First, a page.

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article imageA cure for sepsis? Chance discovery could save lives

By Tim Sandle     Mar 26, 2017 in Science
A chance discovery by a medic working at Eastern Virginia Medical School could be the basis of a cure for sepsis. The discovery could lead to thousands of lives being saved each year.
The serendipitous discovery was made by Paul Marik, who is the Chief of Critical Care at the Eastern Virginia Medical School. He made his findings while looking after patients at the Sentara Norfolk General Hospital in Norfolk, Virginia, U.S.
The discovery takes the form of mix of three compounds: vitamin C, steroids (hydrocortisone) and thiamine. These, when combined, are designed to be administered intravenously. To test out the combination, Dr. Marik used two groups, both treated in the same ICU, one before the use of the compound and the other after the use of the compound. Prior to the treatment (the first group) 19 of 47 patients diagnosed with sepsis died from the disease. With the group given the compound, there were no deaths from sepsis (based on a patient population of the same size – 47 people). Patients with sepsis showed signs of recovery within a few hours of the treatment. The treatment was also assessed by running laboratory studies. This involved testing the mixture against human lung cells.
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United States Marine Corps., via Wikimedia Commons
Sepsis is a life-threatening condition that arises when the body's response to infection injures its own tissues and organs. Symptoms consist of fever, increased heart rate, increased breathing rate, and confusion. With the elderly, young people and those who are immunocompromised, the body temperature may be lower. Risk of death arises with severe sepsis, which leads to poor organ function or reduced blood flow. Sepsis remains a very common cause of death among hospitalized patients, generally arising from bacterial blood stream infections.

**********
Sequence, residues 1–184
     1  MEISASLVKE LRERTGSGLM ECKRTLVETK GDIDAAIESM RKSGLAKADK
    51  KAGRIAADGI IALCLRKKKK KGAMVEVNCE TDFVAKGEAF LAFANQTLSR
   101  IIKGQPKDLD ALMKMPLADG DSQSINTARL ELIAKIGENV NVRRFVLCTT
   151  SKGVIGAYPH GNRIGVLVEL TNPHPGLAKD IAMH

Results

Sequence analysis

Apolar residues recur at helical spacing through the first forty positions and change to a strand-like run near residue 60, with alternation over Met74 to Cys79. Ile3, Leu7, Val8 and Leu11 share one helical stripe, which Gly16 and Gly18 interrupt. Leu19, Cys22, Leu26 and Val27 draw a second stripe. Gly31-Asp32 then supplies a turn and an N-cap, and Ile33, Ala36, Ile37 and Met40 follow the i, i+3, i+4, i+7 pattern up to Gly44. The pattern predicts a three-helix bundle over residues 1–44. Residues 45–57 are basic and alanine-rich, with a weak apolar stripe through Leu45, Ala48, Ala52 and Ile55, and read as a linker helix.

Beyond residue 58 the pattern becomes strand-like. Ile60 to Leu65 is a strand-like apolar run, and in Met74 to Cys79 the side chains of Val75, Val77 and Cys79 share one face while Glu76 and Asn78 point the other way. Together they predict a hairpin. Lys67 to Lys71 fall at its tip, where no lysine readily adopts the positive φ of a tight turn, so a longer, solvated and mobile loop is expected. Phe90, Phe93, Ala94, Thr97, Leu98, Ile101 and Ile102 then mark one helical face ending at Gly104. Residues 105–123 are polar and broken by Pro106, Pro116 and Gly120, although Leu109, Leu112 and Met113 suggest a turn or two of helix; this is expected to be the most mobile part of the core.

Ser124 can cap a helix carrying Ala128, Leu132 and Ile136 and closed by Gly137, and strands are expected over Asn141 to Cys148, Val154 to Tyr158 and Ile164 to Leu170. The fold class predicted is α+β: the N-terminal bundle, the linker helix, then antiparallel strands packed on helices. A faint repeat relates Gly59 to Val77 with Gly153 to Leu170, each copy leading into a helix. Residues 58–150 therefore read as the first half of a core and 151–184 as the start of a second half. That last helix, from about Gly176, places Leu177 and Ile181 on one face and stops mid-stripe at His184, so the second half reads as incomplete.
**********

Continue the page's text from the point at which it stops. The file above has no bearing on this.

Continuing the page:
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The basis of the new compound was that septic patients have little or undetectable levels of vitamin C in their cells. Understanding this Dr. Marik began to prepare his new mixture. Thiamine is added because it assists cells to absorb vitamin C. An added benefit is that the mixture is inexpensive to manufacture, coming in around $60 per treatment.
Commenting on the new study, Dr. Richard Homan, who is the president of the Eastern Virginia Medical School said: “Dr. Marik has developed a brilliant and elegantly simple hypothesis in the treatment of sepsis. The implications of the findings of this study are profound and, if replicated, may transform the treatment of sepsis worldwide.”
The research has been published in the journal CHEST (American College of Chest Physicians). The research paper is headed “Hydrocortisone, vitamin C and Thiamine for the Treatment of Severe Sepsis and Septic Shock: A Retrospective Before-After Study.”
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